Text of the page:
UWF GIS Online Blog: Student Spotlight – Cartographic Skills, 4/6/15-4/17/15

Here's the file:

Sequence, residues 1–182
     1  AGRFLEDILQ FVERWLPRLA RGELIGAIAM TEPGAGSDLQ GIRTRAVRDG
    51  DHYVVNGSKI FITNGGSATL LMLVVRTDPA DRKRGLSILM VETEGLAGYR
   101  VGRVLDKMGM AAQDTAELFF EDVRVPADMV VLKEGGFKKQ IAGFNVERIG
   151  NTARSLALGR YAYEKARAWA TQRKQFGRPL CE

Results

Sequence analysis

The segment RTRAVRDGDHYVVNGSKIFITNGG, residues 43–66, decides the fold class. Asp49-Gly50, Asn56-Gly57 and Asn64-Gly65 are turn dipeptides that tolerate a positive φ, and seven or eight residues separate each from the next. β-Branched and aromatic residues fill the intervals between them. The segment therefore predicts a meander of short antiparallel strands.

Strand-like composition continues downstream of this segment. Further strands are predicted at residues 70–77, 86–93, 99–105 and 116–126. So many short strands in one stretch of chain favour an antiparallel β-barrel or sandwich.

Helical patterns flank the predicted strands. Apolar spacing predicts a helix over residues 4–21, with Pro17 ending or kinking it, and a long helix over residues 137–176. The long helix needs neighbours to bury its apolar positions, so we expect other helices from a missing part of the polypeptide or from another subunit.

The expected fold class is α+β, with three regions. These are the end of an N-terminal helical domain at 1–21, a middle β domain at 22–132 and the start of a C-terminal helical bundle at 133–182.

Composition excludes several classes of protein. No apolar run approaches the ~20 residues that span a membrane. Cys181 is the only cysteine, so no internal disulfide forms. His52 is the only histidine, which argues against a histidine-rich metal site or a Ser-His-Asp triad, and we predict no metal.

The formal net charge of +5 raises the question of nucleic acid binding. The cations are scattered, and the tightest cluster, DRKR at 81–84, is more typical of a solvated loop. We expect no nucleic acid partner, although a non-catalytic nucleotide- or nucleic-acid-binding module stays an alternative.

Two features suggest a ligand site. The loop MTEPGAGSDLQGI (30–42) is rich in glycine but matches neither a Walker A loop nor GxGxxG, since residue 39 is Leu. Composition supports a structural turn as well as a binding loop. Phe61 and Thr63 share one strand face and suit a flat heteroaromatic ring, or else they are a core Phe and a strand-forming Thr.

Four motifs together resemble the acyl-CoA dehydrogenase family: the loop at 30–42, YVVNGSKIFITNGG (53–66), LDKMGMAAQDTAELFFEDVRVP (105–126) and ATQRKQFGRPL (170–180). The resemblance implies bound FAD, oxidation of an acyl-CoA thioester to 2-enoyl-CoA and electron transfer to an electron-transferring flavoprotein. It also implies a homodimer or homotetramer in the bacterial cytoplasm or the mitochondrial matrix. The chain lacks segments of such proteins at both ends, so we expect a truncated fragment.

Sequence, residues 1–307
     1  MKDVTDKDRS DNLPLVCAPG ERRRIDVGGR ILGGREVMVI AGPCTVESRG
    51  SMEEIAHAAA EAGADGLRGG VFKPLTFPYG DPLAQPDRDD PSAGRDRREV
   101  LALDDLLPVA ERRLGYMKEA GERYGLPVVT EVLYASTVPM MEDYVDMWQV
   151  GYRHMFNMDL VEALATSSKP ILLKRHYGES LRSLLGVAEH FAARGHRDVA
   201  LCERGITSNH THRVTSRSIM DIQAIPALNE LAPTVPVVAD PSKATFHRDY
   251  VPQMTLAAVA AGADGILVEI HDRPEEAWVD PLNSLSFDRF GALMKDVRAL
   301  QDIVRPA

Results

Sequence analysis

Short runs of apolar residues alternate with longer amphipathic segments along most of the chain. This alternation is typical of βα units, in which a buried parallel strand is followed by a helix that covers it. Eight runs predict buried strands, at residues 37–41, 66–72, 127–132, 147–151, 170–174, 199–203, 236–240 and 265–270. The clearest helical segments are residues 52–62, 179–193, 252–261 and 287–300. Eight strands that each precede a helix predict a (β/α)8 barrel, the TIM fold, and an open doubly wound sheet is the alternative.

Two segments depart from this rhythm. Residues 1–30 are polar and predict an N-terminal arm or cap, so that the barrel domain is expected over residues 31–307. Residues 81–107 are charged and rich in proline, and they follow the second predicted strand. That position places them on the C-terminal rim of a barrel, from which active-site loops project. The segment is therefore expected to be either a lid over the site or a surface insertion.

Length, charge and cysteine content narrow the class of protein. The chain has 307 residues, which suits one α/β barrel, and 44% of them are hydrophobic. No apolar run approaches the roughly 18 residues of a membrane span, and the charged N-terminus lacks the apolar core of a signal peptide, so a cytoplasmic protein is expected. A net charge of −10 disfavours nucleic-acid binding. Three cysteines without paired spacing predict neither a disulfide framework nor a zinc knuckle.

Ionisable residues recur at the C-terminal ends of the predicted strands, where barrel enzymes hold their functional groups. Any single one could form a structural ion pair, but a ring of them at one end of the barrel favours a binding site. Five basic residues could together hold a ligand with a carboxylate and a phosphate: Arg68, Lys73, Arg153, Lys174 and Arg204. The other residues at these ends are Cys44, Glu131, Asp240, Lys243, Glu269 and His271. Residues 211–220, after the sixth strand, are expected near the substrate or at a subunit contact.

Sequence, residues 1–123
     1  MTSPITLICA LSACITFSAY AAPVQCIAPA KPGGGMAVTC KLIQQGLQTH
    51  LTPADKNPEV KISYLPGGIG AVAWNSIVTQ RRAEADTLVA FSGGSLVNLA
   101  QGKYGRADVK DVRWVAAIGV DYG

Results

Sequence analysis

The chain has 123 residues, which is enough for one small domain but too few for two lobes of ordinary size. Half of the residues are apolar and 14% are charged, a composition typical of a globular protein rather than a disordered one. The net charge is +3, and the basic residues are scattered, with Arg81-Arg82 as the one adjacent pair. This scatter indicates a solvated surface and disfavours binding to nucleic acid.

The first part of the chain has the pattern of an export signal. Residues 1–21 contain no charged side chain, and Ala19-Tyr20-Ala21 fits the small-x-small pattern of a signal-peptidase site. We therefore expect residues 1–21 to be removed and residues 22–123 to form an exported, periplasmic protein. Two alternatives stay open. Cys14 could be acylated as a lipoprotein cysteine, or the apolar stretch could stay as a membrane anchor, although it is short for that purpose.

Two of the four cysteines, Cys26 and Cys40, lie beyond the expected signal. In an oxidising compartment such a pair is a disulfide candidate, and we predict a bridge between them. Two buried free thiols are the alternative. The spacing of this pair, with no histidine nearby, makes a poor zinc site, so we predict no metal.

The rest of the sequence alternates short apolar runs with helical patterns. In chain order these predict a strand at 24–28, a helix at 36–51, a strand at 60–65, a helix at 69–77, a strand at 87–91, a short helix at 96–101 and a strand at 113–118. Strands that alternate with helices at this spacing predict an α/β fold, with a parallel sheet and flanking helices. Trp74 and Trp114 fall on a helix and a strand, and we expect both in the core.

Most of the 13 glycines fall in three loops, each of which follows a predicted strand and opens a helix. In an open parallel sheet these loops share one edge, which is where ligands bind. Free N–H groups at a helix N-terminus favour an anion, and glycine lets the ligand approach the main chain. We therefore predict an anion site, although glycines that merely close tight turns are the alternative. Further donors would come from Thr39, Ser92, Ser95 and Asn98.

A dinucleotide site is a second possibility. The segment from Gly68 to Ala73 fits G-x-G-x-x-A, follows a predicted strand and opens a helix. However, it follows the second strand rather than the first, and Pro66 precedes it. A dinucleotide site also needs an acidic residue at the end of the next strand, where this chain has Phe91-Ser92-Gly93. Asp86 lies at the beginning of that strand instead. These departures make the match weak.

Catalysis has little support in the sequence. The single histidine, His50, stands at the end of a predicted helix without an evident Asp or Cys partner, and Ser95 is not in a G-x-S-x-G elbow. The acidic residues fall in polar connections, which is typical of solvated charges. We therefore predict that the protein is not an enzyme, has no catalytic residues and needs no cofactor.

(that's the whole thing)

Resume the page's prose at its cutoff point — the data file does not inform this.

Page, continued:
Lucas is originally from Wisconsin, but currently lives in Nebraska. He works for the Bureau of Reclamation as a Natural Resource Specialist were his job duties primarily involve land management of the Federal Estate in both Nebraska and Kansas (Permits, trespass resolution, agricultural land classification, etc.) In addition to that, Lucas also works a few days a month as a Geospatial-Intelligence Analyst in the Air Force Reserves. While this position has given him a basic understanding of GIS, the exposure to civilian software such as ArcGIS is a new topic. Away from the Bureau and Air Force Reserves, Lucas is a proud dad to 4 children, ages, 4,3,2, and a newborn. Whew ~ Lucas, you are one busy guy!! Welcome to the spotlight and congratulations on being the best of best this week. You rock!! Module 9 required students to undertake Flow Line Mapping. Flow maps utilize lines of varying width to depict the movement of phenomena between geographic locations. Students utilized Corel draw to create a distributive flow map to illustrate global immigration figures into the United States. Lab materials provided base maps produced in ArcMap, and left students with the task of rearranging continents and creating proportional flow lines and corresponding legends in accordance with design principles. Lucas stood out as a spotlight due to the originality in his work. He demonstrated proficiency with graphic design software CorelDraw by fully utilizing the software capabilities to leverage the geographic content of his map. You may already notice the difference in his map–he strayed from the conventional globe layout, moving far Eastern continents to the left side of the map page to allow preferred placement of the flow lines. To clarify the augmentation, two ellipses were placed beneath the continents. Lucas also did an excellent job creating smooth, curving, proportional lines without concealing any geographic information. The color schemes chosen and drop shadow implemented work to promote figure ground distinction and establish proper visual hierarchy. Nice job Lucas! Source.